In his pharmacy, Harris is quick to point out the importance of customer service and his belief that patients should be able to talk to a pharmacist when they have a problem.
But he also offers a few practical tips.
“It’s a place where you can go, like the doctor’s office or the dentist’s office, to talk about your problems,” he said.
“And it’s a good place to check to make sure that everything is OK.”
Harris’ pharmacy is located at 1220 South Main St., in the Northside, which is just steps away from the North Loop.
Harris said the store has an on-site pharmacy and has been doing well since he opened it nearly three years ago.
He said the pharmacy also provides a place for customers to pick up prescription medication.
Harris was inspired to open the pharmacy after being diagnosed with pancreatic cancer and then living in hospice.
Harris began by taking care of patients.
“We started out by taking patients’ prescription for a drug, and then we took care of them until we found a new medication for them,” he explained.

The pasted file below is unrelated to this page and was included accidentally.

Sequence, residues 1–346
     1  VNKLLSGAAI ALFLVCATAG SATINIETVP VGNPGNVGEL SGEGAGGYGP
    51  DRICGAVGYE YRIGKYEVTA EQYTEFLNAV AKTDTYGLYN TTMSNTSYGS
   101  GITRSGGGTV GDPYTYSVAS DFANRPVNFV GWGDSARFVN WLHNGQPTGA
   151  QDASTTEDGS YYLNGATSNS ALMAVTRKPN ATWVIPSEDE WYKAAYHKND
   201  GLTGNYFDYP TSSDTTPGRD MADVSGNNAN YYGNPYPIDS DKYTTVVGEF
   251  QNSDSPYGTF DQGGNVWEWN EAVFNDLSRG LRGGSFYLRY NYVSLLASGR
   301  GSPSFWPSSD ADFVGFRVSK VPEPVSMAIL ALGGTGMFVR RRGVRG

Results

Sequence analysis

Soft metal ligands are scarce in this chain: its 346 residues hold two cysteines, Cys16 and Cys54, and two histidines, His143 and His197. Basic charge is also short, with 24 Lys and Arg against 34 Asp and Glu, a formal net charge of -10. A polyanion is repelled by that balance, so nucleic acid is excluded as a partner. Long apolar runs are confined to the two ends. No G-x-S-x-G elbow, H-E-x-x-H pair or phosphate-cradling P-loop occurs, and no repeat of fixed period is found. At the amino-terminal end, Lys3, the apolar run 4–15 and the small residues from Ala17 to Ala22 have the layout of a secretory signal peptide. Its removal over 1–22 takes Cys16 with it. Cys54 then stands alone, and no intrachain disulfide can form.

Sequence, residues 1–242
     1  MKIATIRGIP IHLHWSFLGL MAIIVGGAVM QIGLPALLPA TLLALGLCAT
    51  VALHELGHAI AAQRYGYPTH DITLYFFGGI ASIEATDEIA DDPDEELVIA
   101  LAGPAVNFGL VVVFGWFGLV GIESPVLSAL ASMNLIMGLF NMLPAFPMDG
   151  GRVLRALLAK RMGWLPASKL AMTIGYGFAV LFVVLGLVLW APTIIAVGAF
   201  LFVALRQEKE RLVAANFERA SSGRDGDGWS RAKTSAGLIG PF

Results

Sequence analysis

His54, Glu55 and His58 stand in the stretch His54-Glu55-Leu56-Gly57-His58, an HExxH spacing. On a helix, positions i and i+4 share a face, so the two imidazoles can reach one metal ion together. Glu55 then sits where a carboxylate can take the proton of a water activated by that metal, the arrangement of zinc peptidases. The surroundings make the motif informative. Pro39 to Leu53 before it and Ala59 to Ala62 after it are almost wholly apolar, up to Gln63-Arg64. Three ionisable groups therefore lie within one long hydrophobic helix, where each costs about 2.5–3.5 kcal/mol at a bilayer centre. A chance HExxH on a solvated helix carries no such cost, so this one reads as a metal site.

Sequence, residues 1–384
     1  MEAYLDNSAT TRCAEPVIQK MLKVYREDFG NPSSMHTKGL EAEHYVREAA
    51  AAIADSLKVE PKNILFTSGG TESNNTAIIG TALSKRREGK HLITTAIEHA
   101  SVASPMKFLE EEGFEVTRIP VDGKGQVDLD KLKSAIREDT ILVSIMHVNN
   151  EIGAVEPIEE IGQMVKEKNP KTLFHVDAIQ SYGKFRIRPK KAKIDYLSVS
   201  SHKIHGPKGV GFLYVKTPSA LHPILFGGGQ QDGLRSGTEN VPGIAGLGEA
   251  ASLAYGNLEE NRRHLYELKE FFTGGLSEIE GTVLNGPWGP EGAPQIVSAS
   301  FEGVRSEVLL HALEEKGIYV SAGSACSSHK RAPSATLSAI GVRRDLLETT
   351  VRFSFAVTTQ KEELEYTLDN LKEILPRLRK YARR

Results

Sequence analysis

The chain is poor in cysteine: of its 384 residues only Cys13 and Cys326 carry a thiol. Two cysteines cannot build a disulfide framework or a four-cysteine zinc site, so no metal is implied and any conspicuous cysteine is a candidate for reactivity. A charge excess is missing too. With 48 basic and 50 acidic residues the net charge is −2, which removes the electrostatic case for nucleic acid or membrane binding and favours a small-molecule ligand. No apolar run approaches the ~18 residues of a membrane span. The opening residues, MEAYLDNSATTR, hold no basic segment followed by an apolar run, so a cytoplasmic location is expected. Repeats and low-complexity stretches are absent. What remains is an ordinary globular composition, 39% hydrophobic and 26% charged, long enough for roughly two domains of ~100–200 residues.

The pharmacy has expanded over the past three years.
Harris says that it has now grown from about 10 to about 30 employees.
The store has more than 30,000 square feet of space, which includes a pharmacy, pharmacy-like room, a large waiting area, and a large room with a large television and a bar.
“I think it’s been a great success,” Harris said.
But Harris is careful to point to the challenges of being an onsite pharmacy.
“When you’re a pharmacy owner, there’s always the expectation that you need to be in the business for the long haul, and that’s not always the case,” he noted.
“Sometimes we get lucky, and sometimes we don’t.
Sometimes you can get lucky.
And sometimes you can’t.”
When he was first diagnosed with cancer, Harris was working a second job to supplement his income.
When he wasn’t able to get a job, he was often left with little choice but to take on a second career.
“As a patient, I felt I was not getting enough attention,” Harris recalled.
“People were asking me questions, and I felt like I was being ignored.”
When Harris was offered a position at the pharmacy, he chose it because it would give him more time to care for his family and keep up with his work schedule.
He has since become a mentor to many other patients.
One patient asked Harris to work at his home as a pharmacy technician.
“He was the type of person that had no interest in the outside world,” Harris noted.
For now, Harris continues to work full-time at his pharmacy and does a lot of his own medicine and surgery.
“There’s always something to do,” he added.
“But I just like to do the things that I like to.”